The paper is structured as follows: Sect. 2 focuses on the observations. Section 3 gives a description of the forward model and presents the data analysis. Section 4 details the inversion approach and provides a full error analysis. Results are summarized and discussed in Sect. 5.

2. Observations

The HCN (J = 3–2) rotational transition at 265.886 GHz was observed in Neptune using the 10 m Submillimeter Telescope (SMT; Baars & Martin 1996; Baars et al. 1999) located at the Mount Graham International Observatory. The observations were performed with the 1.3 mm sideband separating superconductor-insulator-superconductor (SIS) receiver. This receiver enabled us to observe horizontal vertical polarizations simultaneously and to improve the S/N by averaging both polarizations. We used the Forbes filterbanks (F1M and FQM) with resolutions of 1 MHz and 250 kHz, the chirp transform spectrometer (CTSB) with a resolution of 40 kHz (Hartogh & Hartman 1990), and the acousto-optical spectrometers (AOSA, AOSB and AOSC) with resolutions of 934, 913, and 250 kHz, respectively.

The observations were carried out on 12–13 and 28–29 April 2012 with generally good observing conditions (τ ≈ 0.2). The angular diameter of Neptune was 2.3 arcsec, and the subobserver latitude was 28°S. First, the standard position-switching observing mode was used, and a reference sky position separated from Neptune by 0.5 was observed for the same amount of time and subtracted from the onsource observations for the first 10 scans on 12 April. The dual beam-switching observing mode was used thereafter. We used 8-min scans in both observing modes. The average system temperature of the receiver was 320 K with ~15% fluctuations during the observing period; the total observing time was 22.5 h.

The HCN (J = 3–2) raw spectra obtained with the Forbes filterbank at 1 MHz resolution are shown in Fig. 1. Individual exposures were co-added according to statistical weights proportional to the inverse square of the system temperature.

thumbnail Fig. 1

Antenna temperature spectra of the HCN (J = 3–2) at 265.886 GHz on Neptune at a resolution of 1 MHz.

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A weak baseline ripple was present in the measured data and was removed as part of the post-processing routine. For this purpose we used the empirical mode decomposition (EMD) procedure (Huang et al. 1998; Battista et al. 2007) that decomposes the original signal into all oscillatory modes captured in the signal, the so-called intrinsic mode functions (IMF). These include the highest frequency, (noise), as well as the lowest, (baseline), components. The IMFs have two convenient properties: 1) the IMFs are additive; and 2) no information is lost in the process of extracting them. Hence, we can simply subtract the baseline ripple from the data as well as the highest frequency IMF that is generally associated with the random noise component (more discussion in de Val-Borro et al. 2012). The root-mean-square (rms) of the de-noised 1 MHz spectra is about 30% lower, which yields a final S/N of about 20.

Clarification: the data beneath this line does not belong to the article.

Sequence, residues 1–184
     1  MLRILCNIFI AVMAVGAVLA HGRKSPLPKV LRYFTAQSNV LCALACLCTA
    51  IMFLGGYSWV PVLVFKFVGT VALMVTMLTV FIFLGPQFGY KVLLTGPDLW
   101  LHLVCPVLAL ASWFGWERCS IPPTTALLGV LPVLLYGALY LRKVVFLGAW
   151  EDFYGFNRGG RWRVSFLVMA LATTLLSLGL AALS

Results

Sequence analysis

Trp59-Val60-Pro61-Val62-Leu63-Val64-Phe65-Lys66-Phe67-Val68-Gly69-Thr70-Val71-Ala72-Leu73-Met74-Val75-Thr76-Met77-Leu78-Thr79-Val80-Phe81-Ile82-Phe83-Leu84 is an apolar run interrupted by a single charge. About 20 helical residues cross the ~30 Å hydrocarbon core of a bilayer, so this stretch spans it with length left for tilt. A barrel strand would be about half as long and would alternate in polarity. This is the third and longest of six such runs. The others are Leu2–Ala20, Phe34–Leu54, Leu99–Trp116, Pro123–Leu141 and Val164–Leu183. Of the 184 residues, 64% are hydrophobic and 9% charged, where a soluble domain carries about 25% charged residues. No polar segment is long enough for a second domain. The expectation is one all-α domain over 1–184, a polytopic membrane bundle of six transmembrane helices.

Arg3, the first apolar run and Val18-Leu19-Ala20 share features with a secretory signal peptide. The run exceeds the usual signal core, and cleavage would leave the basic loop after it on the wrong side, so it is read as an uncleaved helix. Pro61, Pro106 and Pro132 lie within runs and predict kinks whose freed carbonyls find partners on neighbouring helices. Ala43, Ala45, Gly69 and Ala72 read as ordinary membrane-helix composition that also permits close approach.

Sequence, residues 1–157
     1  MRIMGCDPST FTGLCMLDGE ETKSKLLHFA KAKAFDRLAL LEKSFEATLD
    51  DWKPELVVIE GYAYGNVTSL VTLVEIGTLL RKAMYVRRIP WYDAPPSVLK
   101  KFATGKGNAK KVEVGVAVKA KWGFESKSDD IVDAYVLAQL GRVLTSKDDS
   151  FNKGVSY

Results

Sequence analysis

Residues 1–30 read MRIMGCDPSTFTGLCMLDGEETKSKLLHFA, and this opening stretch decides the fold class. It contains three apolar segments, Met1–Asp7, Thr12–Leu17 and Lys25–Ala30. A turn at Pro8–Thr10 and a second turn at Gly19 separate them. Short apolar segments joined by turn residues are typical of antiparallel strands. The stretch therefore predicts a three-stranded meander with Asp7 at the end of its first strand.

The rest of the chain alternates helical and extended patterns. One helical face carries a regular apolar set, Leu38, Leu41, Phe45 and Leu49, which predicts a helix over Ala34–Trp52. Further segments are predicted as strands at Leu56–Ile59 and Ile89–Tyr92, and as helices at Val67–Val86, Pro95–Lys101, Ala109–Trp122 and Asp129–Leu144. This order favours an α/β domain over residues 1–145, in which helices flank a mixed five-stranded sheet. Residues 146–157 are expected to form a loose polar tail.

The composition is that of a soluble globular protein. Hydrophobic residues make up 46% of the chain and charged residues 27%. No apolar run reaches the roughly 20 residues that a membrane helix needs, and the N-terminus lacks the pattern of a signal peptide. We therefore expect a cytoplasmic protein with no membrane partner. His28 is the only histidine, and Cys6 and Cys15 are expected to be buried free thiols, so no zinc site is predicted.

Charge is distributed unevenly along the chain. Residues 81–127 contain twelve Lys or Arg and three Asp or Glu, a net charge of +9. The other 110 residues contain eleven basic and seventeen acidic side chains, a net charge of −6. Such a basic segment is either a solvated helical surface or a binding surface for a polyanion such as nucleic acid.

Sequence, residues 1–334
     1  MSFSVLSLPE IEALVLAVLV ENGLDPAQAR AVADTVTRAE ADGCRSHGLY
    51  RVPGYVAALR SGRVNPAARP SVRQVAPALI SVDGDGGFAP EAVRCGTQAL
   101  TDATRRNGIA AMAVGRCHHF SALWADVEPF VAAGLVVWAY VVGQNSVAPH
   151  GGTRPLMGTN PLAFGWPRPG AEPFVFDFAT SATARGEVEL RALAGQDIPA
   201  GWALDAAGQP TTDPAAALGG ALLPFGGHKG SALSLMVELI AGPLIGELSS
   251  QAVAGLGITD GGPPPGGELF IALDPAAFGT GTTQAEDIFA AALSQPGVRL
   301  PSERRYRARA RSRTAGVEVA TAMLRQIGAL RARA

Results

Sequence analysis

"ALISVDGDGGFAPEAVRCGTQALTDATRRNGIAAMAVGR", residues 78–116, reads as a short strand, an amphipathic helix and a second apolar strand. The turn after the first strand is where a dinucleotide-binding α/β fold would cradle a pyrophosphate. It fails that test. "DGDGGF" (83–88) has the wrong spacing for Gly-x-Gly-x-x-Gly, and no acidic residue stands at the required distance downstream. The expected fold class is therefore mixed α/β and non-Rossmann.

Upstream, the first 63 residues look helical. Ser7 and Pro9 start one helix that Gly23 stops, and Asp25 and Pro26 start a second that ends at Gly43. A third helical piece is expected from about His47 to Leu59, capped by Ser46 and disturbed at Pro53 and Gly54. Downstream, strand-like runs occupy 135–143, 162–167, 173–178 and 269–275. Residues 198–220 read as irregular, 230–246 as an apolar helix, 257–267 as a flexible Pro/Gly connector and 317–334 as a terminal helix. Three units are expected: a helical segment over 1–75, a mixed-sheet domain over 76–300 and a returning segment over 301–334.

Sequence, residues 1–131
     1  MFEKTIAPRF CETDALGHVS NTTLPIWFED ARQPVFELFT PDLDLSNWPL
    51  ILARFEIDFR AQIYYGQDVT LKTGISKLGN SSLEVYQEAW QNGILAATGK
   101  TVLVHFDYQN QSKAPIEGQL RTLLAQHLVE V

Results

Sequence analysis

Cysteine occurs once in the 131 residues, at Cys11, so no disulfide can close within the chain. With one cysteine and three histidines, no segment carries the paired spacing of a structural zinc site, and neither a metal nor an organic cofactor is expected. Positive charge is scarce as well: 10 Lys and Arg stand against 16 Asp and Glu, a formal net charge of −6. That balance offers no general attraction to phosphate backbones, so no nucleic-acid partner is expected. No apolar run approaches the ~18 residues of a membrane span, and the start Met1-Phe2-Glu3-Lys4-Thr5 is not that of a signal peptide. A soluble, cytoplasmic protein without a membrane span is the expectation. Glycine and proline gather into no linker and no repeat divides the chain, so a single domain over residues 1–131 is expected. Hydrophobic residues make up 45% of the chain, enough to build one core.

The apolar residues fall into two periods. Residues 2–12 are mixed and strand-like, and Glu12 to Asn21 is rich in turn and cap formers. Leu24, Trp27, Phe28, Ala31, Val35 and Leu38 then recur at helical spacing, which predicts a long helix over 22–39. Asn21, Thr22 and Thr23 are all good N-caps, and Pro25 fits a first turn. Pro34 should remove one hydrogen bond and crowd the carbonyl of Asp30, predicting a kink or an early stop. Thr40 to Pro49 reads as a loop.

3. Data analysis

Forward model

We used a line-by-line code (Jarchow & Hartogh 1995), that has previously been used for the analysis of the Herschel/HIFI observations (Hartogh et al. 2010a,b) as well as ground-based observations (Rengel et al. 2008a,b). A spherical geometry was assumed and limb emissions were included. The smearing effect caused by the 16-hour planet rotation was taken into account. The HCN collisional half-width coefficients with H2 and He come from the data in Table III of Rohart et al. (1987). The collision-induced absorption by H2–H2, H2–He, and H2–CH4, which dominates the continuum opacity was calculated with the model of Borysow et al. (1985, 1988), and Borysow & Frommhold (1986). The individual opacity sources were assumed to have a constant profile with H2 and He volume mixing ratios (quoted with uncertainty) of 83.1% and 14.9% (Burgdorf et al. 2003), respectively. The CH4 is not entirely trapped below the tropopause. Sporadic upwelling events allow CH4 to penetrate into the stratosphere at the south pole. The estimates from disk-averaged measurements range between 0.13–0.8% (Lunine 1993; Orton et al. 2007). The most recent results of the Herschel/PACS data analysis are consistent with a stratospheric volume mixing ratio of CH4 at 0.15 ± 0.02% (Lellouch et al. 2010). A constant CH4 volume mixing ratio of 2% was taken for p > 1.5 bar (Lindal 1992; Baines et al. 1995).